Aristotelian vs. Modern Syllogism
Consider the following argument:
All dogs are animals.
Therefore, some animals are dogs.
On the surface, it seems pretty reasonable. All dogs are animals, and some animals are dogs. Both are true statements. Even so, let's consider the next argument, with exactly the same form:
All unicorns are animals.
Therefore, some animals are unicorns.
Intuitively, we know that this is not true, but how have we arrived at a true conclusion and a false one with the same form? Obviously, the form cannot be valid, right? Actually, the answer is both yes and no. In Aristotelian logic, each term in a syllogism is assumed to be true. In effect, we are assuming a second premise, namely: Some Unicorns are in existence.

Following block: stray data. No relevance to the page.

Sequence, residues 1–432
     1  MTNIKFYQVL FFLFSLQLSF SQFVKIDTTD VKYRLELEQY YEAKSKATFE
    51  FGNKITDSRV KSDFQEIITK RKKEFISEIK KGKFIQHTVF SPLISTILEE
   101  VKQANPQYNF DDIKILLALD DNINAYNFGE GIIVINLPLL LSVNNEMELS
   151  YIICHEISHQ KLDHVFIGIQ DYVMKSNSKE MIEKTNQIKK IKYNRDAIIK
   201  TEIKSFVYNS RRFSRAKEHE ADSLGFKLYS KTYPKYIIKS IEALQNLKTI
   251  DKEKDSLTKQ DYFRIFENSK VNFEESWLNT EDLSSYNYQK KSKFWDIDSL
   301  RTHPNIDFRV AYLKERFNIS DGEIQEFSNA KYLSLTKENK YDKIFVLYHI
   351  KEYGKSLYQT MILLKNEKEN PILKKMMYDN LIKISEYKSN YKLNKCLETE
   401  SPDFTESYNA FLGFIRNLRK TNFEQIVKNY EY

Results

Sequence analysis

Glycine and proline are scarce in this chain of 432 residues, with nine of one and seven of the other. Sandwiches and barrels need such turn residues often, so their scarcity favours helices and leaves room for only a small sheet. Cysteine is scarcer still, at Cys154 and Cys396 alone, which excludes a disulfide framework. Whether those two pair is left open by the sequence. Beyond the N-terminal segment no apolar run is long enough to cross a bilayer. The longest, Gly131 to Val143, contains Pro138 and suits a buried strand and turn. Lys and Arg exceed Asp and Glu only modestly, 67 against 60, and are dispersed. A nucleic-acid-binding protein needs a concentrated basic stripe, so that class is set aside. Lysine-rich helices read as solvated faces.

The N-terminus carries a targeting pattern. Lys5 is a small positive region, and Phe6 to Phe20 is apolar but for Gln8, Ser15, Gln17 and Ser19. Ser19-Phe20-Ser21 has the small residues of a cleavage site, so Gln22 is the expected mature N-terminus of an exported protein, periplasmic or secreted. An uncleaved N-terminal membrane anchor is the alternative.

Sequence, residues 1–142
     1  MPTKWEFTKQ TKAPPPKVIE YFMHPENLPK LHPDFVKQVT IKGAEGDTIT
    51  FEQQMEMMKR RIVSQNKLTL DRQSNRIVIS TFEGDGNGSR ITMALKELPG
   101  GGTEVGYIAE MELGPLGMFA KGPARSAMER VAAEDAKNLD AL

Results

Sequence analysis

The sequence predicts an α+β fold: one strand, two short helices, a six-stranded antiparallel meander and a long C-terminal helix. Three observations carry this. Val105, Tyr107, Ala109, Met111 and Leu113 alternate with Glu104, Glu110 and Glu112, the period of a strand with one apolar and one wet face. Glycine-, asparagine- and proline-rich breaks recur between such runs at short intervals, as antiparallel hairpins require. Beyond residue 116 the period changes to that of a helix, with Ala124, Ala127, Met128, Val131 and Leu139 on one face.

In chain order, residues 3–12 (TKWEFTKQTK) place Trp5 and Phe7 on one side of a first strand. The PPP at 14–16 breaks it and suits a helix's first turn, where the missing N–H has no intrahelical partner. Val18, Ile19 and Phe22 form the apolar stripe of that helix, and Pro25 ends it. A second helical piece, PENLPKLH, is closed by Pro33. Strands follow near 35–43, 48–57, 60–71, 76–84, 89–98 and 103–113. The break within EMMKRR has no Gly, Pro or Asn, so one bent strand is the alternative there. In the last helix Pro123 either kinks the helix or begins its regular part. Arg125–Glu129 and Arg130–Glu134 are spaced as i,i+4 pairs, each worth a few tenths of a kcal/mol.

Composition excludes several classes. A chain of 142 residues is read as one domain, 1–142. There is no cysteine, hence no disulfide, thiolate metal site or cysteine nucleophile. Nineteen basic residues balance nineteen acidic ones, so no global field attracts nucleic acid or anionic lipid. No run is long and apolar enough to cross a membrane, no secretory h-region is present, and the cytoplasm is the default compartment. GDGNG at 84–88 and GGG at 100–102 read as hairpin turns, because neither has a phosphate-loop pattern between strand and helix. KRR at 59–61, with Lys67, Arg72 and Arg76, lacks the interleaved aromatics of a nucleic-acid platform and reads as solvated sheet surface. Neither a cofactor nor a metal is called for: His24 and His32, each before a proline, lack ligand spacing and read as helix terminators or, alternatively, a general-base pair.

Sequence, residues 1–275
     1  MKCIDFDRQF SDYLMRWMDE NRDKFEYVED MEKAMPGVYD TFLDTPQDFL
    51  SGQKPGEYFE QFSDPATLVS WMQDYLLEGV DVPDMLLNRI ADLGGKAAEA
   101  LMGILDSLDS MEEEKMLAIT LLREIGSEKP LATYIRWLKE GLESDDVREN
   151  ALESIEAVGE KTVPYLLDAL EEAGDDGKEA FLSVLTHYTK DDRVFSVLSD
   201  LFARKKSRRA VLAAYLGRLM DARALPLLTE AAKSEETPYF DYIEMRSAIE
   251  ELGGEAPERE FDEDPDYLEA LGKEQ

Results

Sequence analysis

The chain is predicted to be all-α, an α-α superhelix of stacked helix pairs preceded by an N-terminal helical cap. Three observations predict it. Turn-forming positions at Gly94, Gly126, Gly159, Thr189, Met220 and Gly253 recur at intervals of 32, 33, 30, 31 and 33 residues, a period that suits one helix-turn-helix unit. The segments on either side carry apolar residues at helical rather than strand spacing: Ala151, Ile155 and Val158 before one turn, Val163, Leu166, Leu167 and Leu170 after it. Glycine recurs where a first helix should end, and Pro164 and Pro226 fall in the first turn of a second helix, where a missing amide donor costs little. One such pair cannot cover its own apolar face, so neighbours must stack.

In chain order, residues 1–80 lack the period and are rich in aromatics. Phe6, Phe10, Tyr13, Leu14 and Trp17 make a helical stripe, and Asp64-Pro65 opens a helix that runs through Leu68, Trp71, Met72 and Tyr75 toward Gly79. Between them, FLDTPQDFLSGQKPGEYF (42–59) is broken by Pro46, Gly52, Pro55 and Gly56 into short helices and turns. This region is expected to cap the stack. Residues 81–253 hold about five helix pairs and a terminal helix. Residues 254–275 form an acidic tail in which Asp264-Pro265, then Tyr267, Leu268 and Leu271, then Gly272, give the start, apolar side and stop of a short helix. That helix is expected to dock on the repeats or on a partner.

In modern logic, we do not make such a presumption. This avoids a rather embarrassing quandary. Suppose I want to run a contest for my employees. I will say, "Each employee who has sold 1000 widgets will get an extra day of paid vacation." In a strictly Aristotelian sense, I can't make this statement, since at this point, none of my employees has sold 1000 widgets, and perhaps none will. It is not known whether I am referring to any real beings, so technically, I can't make any logical conclusions about them.
This may seem entirely nitpicky, and in a way, it probably is. Even so, it is a mistake that people make from time to time. Using just the modern approach to syllogism, we can say that both of the original arguments are invalid because they lack the correct form. We are missing a premise. In such a simple example, it's easy to catch, but next time you meet someone who could sell ice to an Eskimo, you might be surprised to observe how often such simple mistakes in critical thinking can be exploited by clever salespeople.